Venous stasis ulcers

Author Bio
Diane Williams
 

 Key Points
*Ulcers appearing on the legs and/or foot
*Typically caused by underlying conditions, usually circulatory diseases
*Presents in one of two types, venous and arterial
*Consists of the loss of skin or tissue in the affected area, and may be accompanied by pain, itching, and skin discoloration

Leg ulcers are any loss of skin or tissue which occurs on the legs and/or feet. The condition typically presents in one of two types, venous and arterial ulcers. Venous ulcers typically form below the knee, usually on the inner ankle. These ulcers may be accompanied by aching legs, brown or black mottled discoloration of surrounding skin, or dryness, redness and itching. Additionally, swelling caused by chronic inflammation may lead to lymphoedema. The condition may also be accompanied by thickening skin, scaling, fissuring, oozing, and papillomatosis.

Arterial ulcers are very painful ulcers which typically form on the feet, toes, or heels. They are accompanied by severe pain, and borders of the lesions have a perforated appearance. Additionally, affected persons may have cold feet which are white or blue in color and cramping in the affected area. Ulcers of both types are vulnerable to secondary infection, which may be accompanied by cellulitis, yellow crusting and a bad odor coming from the ulcer.

Leg ulcers form for a variety of reasons, typically an underlying condition. Venous ulcers have been attributed to varicose veins, a history of chronic swelling or clots, high blood pressure, multiple pregnancies, previous surgery or injury, and obesity. Arterial ulcers are commonly related to diabetes, smoking, high blood pressure/fat/cholesterol, renal failure, obesity, rheumatoid arthritis, clotting and circulatory disease, and a history of heart and/or vascular disease.

Differential Diagnosis (Other conditions with similar appearance)
Basal cell carcinoma
Generalized Essential Telangiectasia
Cellulitis
Klippel-Trenaunay-Weber Syndrome
Contact Dermatitis, Allergic
Squamous Cell Carcinoma
Dermatologic Manifestations of Cardiac Disease
Stasis Dermatitis
Dermatologic Manifestations of Renal Disease
Traumatic Ulcers
Erysipelas
Varicose Veins and Spider Veins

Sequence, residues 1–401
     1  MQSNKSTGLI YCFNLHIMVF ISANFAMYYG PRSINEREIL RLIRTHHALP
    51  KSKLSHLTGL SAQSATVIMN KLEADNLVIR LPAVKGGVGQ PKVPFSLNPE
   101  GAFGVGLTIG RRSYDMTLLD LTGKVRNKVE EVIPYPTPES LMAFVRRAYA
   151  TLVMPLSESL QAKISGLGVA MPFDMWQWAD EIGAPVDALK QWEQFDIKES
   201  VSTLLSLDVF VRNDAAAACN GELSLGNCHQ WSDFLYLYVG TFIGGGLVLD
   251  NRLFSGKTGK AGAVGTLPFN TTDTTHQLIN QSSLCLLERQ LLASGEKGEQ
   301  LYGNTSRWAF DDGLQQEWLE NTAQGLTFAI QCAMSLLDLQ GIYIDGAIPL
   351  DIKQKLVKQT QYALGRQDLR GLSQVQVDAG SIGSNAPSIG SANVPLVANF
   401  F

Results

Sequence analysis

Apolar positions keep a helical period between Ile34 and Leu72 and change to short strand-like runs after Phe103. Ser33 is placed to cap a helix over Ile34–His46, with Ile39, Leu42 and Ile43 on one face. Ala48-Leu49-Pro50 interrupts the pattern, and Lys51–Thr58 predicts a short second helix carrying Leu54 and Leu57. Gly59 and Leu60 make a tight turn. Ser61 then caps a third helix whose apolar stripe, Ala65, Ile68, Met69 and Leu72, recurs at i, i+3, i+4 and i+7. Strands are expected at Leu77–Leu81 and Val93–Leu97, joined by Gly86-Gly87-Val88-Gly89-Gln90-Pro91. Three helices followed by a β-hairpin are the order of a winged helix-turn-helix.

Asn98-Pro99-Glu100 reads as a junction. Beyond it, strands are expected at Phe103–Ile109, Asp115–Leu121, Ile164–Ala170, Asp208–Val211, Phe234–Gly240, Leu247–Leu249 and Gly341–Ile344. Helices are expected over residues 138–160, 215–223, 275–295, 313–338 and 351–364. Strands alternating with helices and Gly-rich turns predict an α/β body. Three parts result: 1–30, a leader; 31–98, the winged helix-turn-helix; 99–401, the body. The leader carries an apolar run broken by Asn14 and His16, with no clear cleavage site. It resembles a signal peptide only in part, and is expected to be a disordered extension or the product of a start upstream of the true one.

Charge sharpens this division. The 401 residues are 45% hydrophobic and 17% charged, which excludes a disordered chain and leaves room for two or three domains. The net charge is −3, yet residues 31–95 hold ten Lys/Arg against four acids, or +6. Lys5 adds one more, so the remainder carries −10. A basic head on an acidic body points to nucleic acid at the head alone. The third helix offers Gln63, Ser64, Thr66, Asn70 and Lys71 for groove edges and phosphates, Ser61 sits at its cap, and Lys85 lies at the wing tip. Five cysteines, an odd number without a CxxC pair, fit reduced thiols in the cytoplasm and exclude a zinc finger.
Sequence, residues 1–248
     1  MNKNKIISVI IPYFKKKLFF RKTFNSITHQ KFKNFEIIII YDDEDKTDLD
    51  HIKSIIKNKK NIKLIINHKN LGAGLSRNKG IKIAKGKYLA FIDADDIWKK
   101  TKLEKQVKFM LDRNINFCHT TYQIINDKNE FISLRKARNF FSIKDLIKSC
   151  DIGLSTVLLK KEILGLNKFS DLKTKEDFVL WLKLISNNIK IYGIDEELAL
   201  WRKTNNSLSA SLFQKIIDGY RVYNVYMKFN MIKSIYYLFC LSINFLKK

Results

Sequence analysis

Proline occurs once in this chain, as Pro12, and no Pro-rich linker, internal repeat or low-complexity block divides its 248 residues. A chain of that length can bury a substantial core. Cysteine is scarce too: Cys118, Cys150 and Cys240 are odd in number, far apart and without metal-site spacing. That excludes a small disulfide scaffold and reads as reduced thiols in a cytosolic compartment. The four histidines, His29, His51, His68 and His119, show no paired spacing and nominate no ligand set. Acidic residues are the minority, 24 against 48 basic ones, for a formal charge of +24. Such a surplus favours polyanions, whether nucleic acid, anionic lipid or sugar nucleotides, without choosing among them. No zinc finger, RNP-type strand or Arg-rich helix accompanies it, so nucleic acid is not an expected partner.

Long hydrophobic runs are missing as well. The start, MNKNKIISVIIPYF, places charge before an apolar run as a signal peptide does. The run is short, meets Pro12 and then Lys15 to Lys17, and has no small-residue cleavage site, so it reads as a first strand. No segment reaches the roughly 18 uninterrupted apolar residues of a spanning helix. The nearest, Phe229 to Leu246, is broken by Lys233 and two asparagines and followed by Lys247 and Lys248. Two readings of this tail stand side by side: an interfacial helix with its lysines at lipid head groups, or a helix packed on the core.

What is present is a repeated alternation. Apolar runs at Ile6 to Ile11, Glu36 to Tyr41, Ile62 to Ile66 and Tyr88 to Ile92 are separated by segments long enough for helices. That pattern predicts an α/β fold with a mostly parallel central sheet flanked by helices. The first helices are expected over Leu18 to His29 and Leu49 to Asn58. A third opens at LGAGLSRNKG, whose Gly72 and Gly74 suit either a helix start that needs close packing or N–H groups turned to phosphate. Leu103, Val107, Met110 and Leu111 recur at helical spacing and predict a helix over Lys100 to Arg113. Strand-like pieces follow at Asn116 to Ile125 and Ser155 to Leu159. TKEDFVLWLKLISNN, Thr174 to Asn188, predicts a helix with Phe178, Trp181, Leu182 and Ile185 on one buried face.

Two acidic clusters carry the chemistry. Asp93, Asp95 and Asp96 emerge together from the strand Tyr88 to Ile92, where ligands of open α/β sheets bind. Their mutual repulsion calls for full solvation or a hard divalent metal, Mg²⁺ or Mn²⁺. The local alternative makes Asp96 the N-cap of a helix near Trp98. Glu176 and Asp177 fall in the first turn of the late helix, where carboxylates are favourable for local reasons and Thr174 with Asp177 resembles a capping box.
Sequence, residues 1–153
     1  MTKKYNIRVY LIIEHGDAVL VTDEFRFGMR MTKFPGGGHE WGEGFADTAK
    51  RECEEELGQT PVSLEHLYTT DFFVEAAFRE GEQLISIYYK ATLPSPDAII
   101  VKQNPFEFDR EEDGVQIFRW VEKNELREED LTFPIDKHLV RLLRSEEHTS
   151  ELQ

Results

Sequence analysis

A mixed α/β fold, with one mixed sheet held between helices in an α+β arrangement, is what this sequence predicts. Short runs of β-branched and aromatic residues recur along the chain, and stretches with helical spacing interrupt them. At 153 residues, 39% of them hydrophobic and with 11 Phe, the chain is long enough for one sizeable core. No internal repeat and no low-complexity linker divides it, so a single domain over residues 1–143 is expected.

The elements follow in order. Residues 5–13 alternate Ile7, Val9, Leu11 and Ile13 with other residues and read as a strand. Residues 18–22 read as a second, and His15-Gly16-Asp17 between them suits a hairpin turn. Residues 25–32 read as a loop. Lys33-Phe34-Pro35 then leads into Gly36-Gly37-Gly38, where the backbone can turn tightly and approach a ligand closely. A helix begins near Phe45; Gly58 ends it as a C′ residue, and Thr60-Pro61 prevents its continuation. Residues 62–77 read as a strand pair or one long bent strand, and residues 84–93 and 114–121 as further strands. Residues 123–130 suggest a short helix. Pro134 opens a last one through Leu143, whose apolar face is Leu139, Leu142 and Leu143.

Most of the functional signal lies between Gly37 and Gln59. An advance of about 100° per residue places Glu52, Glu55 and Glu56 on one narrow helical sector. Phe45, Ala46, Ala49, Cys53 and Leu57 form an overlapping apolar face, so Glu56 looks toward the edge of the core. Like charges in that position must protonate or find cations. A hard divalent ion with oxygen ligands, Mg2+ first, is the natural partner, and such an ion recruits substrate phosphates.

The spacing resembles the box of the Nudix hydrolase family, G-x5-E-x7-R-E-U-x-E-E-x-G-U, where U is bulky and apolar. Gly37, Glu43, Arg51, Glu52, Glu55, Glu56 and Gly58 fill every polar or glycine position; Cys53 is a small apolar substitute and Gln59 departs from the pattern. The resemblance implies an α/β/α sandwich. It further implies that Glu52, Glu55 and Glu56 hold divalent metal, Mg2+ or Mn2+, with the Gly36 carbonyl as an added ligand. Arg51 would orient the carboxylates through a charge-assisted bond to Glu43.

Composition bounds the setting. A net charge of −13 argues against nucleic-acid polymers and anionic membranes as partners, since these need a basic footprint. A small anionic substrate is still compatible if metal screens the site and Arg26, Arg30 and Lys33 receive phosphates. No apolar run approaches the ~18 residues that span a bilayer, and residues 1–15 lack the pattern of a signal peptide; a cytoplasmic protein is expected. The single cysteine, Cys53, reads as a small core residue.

Diagnosis
Key Points
*Diagnosis based on skin appearance in conjunction with examination of patient history
*Skin biopsy and other testing may be performed to rule out other conditions and determine if secondary infection is present

Ulcers are generally diagnosed based on the appearance of the skin in the affected area, in conjunction with a previous diagnosis of diabetes. Biopsy and other laboratory testing may be performed to rule out other conditions and determine if a secondary infection is present.

Treatment
*Goal of treatment is to control symptoms and prevent further infection
*Treatment generally consists of debridement of the area and the controlling of any infection present

Leg ulcers can be a serious condition which may have severe complications. Treatment will often consist of establishing the underlying cause of the ulcer and treating that condition. Proper wound care is imperative, including keeping the area clean, properly dressed, and avoiding further injury. Treatment of ulcers generally consists of debridement, the cutting away of dead tissue, exposing healthy tissue to promote healing. Additionally, treatment may consist of Antibiotics to treat any secondary infection.

Venous leg ulcers which are not associated with arterial disorders can usually be treated with elevation, compression therapy and exercise. Sclerotherapy and endovascular laser therapies may also be helpful in treatment. In some cases, when ulcers do not respond to typical treatments, it may be surgically excised or treated with skin grafting. Additionally, use of therapies which accelerate wound healing may be helpful in some cases, though the extent of their effectiveness is not known.